Rick D. (Guest)
on 2009-02-12 14:58
(Received via mailing list)
On Wed, Feb 11, 2009 at 6:35 PM, Gregory B.
<removed_email_address@domain.invalid>wrote:

> previously labeled non-changing in a defacto way .
>

Right to the point!  I too love Ruby 1.9.1 and Matz! but...

Ruby 1.8 (excluding 1.8.7) and Ruby 1.9 are really two different
languages,
I can deal with that as long as I know, and can control which of the two
I'm
using at any given time for any given application.

Matz ceded maintenance of the "1.8" stream and moved on to 1.9 some time
ago. The 1.8.7 release, rather than simply fixing bugs and maintaining
compatibility, was attracted by "shiny objects" from 1.9 and wreaked
havoc
on some important consumers of Ruby, exacerbated by the eagerness of
downstream package maintainers to keep up without understanding the
ramifications of the breach of the implication of compatibility between
versions with the same minor version number.

Ruby 1.8.6 represents the latest version of the old Ruby language, 1.9.1
is
the latest version of the new Ruby language, Ruby 1.8.7 is a mutant
which
just muddies the waters.

--
Rick DeNatale

Blog: http://talklikeaduck.denhaven2.com/
Twitter: http://twitter.com/RickDeNatale
Jeremy H. (Guest)
on 2009-02-12 17:55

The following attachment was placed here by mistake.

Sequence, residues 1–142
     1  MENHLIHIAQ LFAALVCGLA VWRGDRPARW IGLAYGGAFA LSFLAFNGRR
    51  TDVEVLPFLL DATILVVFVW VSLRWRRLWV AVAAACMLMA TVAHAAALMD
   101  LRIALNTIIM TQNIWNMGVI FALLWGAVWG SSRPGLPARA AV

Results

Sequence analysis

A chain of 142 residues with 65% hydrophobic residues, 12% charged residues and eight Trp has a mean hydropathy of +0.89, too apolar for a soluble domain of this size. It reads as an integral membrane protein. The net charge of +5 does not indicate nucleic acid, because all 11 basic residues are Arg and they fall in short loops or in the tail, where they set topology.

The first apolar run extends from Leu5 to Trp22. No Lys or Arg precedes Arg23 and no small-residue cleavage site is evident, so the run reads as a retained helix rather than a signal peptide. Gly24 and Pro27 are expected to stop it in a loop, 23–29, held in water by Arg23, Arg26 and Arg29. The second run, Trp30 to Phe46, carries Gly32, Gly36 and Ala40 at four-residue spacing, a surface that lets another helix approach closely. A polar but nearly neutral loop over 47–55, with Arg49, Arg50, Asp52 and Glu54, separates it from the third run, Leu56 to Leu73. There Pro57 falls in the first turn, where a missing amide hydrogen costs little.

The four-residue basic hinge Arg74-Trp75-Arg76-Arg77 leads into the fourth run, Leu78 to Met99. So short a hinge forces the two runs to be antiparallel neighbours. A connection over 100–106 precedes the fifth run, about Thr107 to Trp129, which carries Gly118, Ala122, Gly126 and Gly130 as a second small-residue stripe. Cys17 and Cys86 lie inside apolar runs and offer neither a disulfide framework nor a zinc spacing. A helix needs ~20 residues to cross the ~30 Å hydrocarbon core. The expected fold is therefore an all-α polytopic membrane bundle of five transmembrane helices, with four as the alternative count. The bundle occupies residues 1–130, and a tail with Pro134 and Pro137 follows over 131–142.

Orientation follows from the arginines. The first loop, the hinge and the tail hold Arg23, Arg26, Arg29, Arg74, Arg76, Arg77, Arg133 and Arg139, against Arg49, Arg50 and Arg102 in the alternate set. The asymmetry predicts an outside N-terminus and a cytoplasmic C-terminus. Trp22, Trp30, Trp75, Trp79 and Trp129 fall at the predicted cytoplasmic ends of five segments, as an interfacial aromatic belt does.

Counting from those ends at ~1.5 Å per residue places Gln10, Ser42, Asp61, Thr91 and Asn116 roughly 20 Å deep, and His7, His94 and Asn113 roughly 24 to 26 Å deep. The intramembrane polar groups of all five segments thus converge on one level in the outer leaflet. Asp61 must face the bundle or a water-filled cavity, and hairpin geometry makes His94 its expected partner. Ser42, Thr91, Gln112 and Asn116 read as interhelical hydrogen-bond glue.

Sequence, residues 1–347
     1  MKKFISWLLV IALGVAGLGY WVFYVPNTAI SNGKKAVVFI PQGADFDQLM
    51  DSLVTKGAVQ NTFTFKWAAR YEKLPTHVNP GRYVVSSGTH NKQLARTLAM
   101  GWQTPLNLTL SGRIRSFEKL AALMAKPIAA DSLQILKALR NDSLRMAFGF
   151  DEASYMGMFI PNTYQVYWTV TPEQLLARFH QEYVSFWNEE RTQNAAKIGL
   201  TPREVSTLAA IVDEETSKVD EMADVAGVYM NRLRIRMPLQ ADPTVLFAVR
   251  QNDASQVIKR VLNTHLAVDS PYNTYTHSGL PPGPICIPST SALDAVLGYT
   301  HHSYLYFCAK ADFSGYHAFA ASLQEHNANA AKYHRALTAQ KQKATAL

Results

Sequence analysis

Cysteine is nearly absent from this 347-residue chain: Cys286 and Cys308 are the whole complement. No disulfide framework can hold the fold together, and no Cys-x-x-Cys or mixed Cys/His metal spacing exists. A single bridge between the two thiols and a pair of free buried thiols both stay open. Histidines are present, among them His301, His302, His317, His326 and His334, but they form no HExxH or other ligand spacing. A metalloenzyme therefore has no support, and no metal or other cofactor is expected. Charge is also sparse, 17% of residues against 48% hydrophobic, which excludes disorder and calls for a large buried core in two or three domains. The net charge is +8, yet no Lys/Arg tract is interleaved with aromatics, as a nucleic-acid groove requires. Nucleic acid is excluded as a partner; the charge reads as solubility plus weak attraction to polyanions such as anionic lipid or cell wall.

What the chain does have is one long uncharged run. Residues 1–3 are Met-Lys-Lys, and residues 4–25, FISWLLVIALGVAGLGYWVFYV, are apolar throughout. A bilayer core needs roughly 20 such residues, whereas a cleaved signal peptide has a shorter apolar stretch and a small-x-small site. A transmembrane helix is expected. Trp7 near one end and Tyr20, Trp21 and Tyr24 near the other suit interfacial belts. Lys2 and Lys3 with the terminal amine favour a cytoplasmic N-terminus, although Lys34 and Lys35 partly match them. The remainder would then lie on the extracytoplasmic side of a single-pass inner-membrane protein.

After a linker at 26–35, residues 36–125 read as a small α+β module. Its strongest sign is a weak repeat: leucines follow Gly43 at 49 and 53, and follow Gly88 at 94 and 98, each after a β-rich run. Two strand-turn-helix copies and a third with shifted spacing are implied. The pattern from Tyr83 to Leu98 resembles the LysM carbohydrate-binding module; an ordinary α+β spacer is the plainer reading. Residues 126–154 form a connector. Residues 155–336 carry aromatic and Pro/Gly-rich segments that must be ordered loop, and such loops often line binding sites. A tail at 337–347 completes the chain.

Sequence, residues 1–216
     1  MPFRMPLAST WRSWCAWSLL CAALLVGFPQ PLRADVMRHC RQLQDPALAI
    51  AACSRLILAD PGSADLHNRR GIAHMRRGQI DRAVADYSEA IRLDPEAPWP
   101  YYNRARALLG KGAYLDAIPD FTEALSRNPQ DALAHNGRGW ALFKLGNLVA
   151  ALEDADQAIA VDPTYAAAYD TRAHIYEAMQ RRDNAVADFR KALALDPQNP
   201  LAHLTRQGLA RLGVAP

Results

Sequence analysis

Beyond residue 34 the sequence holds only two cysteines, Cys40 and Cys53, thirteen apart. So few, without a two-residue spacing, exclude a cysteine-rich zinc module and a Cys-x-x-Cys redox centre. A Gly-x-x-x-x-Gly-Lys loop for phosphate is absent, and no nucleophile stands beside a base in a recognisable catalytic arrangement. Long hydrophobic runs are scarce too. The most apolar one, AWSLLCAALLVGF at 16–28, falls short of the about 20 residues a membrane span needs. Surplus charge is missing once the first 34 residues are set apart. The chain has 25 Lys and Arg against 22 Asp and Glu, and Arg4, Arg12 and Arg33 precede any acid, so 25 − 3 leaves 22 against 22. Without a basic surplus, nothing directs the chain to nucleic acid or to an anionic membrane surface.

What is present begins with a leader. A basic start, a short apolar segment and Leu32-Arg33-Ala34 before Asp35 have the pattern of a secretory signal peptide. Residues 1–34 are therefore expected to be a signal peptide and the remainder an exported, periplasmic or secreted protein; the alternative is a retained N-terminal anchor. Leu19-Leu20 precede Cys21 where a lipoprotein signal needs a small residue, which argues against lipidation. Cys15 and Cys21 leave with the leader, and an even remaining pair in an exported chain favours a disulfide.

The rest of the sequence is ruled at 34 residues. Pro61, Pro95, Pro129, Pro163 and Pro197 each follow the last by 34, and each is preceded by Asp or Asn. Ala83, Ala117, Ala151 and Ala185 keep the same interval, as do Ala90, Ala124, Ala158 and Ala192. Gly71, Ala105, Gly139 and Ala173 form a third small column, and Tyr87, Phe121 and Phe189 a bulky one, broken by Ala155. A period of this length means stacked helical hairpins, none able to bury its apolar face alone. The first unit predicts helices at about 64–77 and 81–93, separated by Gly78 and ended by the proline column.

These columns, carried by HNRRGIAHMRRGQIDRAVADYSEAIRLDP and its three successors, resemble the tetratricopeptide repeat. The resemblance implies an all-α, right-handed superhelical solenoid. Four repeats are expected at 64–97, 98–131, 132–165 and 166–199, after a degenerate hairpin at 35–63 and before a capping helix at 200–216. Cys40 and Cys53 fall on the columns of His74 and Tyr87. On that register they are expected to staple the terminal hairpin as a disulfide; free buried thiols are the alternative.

(Received via mailing list)
On 2009-02-11, Pit C. <removed_email_address@domain.invalid> wrote:
> 2009/2/11 Rados?aw Bu?at <removed_email_address@domain.invalid>:
>> h={}
>> h[{"foo" => 1}] = 100
>> p h[{"foo" => 1}]
>>
>> ruby 1.8.6 prints "nil", 1.8.7 prints "100".
>
> Ah, you mean  Hash#hash. Thanks a lot, I didn't  know that. But this
> is an example where the  1.8.7 version yields the result most people
> would expect,

No  it doesn't.   Most people  would expect  1.8.7 to  yield  the same
result as 1.8.6 .  That is the point.

Regards,

Jeremy H.
James C. (Guest)
on 2009-02-12 18:01
(Received via mailing list)
2009/2/12 Jeremy H. <removed_email_address@domain.invalid>

> > would expect,
>
> No  it doesn't.   Most people  would expect  1.8.7 to  yield  the same
> result as 1.8.6 .  That is the point.



Though I fall on the 'unhappy' side, this change is clearly fine: 1.8.6
behaviour is clearly a bug and should be fixed, that's the point of bug
fix
releases. Relying on buggy behaviour is a bad idea, and so is making
changes
to ostensibly correct behaviour in minor releases.
Coey M. (Guest)
on 2009-02-12 18:16
(Received via mailing list)
Jeremy H. writes:
 > On 2009-02-11, Pit C. <removed_email_address@domain.invalid> wrote:
 > > 2009/2/11 Rados?aw Bu?at <removed_email_address@domain.invalid>:
 > >> h={}
 > >> h[{"foo" => 1}] = 100
 > >> p h[{"foo" => 1}]
 > >>
 > >> ruby 1.8.6 prints "nil", 1.8.7 prints "100".
 > >
 > > Ah, you mean  Hash#hash. Thanks a lot, I didn't  know that. But
this
 > > is an example where the  1.8.7 version yields the result most
people
 > > would expect,
 >
 > No  it doesn't.   Most people  would expect  1.8.7 to  yield  the
same
 > result as 1.8.6 .  That is the point.
 >
 > Regards,
 >
 > Jeremy H.
 >

As I read this, my feeling about what "most people" would expect
should fall into one of two categories:
 - hashes should allow (different) hashes to be used as keys; or
 - hashes should _not_ allow hashes to be used as keys.

If someone feels the first response is correct, then '100' would be